I happen to own a townhouse next door to one of Diana’s properties, so it was easy to do a side by side comparison of a long term rental vs a corporate rental. I ran the numbers using the Rental Property spreadsheet.
Long Term Rental Spreadsheet
Corporate Rental Spreadsheet
The biggest difference in initial costs between a long term and corporate rental is that corporate rentals are fully furnished. Diana’s average cost for buying furniture, linens, and other essentials and having them professionally staged is around $13-16K.
When I was able to rent out my townhome as a long term rental for $1695 a month, I was very pleased. But when I saw that Diana’s townhome goes for $2900 a month, I was blown away. Even though the vacancy rate for a corporate rental greater, 8% compared to 3%, the higher rent more than makes up the difference.
Long Term Rental Monthly Operating Expenses
Corporate Rental Monthly Operating Expenses
Other unique costs for a corporate rental are a personal property assistant and advertising. The personal property assistant manages the day to day aspects of the rental, such as checking renters in and out, coordinating repairs, and replacing items that are damaged or running low. These services together run about $5K per year.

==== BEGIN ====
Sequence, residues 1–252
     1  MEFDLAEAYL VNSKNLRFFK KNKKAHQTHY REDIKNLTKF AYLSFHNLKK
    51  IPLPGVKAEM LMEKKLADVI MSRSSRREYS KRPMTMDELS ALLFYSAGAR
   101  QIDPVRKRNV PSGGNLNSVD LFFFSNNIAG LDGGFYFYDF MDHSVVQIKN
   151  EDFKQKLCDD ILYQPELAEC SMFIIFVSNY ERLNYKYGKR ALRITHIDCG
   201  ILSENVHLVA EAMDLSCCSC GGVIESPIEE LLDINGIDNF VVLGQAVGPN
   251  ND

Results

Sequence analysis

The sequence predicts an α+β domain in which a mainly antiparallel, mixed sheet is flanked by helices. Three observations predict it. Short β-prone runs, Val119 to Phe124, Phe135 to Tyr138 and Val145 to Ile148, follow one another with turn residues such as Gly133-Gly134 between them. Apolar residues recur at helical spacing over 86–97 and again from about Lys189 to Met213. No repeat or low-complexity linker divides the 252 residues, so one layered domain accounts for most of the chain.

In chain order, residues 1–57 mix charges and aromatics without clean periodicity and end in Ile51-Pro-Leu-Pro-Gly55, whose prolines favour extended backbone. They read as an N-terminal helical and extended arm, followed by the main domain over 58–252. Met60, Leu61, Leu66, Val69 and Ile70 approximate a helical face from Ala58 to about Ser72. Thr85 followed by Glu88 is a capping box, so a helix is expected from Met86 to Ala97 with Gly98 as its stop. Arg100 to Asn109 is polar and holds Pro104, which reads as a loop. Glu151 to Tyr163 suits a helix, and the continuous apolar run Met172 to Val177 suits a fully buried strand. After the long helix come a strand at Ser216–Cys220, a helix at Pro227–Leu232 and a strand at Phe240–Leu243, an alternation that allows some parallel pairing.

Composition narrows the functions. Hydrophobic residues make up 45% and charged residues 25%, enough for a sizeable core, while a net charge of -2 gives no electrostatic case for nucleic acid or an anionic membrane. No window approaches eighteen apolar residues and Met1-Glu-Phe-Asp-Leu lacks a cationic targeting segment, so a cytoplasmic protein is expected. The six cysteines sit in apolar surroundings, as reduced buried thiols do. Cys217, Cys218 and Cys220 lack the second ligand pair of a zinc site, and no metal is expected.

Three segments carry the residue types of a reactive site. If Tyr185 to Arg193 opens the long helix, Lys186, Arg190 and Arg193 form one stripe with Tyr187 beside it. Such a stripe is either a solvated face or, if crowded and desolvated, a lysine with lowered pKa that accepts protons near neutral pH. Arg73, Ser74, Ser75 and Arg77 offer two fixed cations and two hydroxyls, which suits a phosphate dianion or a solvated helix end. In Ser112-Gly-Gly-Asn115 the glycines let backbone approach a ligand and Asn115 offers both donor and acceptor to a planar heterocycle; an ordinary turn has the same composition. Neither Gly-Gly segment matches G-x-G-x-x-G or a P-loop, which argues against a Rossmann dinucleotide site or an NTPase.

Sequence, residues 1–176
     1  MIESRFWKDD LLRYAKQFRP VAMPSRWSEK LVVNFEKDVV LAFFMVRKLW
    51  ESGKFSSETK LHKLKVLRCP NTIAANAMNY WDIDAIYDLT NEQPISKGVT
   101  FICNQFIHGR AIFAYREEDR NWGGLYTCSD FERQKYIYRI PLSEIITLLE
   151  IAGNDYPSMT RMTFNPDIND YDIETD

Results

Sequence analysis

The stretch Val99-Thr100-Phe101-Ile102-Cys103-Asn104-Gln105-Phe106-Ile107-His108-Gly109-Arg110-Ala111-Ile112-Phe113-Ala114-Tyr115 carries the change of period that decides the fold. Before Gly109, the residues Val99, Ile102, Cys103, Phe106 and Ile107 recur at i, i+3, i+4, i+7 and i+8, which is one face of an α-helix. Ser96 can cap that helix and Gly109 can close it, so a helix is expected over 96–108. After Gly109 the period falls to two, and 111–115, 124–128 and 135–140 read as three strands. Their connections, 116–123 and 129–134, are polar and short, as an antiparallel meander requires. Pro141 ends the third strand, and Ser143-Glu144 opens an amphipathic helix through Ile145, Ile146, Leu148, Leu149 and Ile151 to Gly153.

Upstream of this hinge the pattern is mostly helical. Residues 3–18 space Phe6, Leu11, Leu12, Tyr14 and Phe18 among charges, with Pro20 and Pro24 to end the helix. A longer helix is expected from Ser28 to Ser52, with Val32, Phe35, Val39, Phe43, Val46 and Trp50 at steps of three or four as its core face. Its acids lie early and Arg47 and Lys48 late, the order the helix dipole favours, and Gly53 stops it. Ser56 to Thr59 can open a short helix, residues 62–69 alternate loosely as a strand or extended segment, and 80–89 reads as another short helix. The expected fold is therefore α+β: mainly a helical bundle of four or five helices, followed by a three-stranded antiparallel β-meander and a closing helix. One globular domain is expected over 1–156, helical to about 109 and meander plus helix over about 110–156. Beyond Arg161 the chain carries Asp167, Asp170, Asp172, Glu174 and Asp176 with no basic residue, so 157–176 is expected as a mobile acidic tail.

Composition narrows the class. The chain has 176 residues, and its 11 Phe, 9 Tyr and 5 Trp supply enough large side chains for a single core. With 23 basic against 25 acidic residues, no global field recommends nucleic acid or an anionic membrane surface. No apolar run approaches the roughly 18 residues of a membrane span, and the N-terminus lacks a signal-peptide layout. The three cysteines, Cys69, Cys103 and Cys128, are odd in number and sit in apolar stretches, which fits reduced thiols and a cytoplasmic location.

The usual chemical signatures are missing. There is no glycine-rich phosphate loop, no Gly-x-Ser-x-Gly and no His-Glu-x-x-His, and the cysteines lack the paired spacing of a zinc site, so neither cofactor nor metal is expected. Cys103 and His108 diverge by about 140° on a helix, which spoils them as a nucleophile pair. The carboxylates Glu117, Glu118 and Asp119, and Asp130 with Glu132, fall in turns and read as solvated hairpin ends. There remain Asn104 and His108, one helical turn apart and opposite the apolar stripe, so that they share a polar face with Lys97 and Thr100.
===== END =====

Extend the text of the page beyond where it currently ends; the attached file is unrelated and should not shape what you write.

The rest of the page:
Diana recommends that property owners call their insurance companies to see what is covered if they switch their homes from a long term to corporate rental. Most companies have this coverage built in, but it’s usually worth it to see if there is additional coverage available. The cost of this type of insurance may be a bit more expensive, but it’s usually not significant.
Long Term Rental First Year Returns
Corporate Rental First Year Returns
The first year returns analysis shows just how different long term vs corporate rental properties are. The annual cashflow for a corporate rental townhome is nearly double that of the long term rental home, even though the homes themselves are the same. Altogether, the corporate rental yields a much stronger return than the long term rental.
Connect With Guest Diana Tapia
If you are an investor interested in turning your property into a corporate rental, reach out to Diana via her website. Use the online form to submit your information, and she will personally respond. And if you are thinking of buying a property, schedule a free real estate investment consultation. I can help you find the home that best suits your needs and connect you with Diana if you want to turn it into a corporate rental.
How to Get Started Building Your Own Rental Portfolio
For information on how to get started investing in Colorado Springs, check out our free 2021 Colorado Springs Real Estate Investing Guide.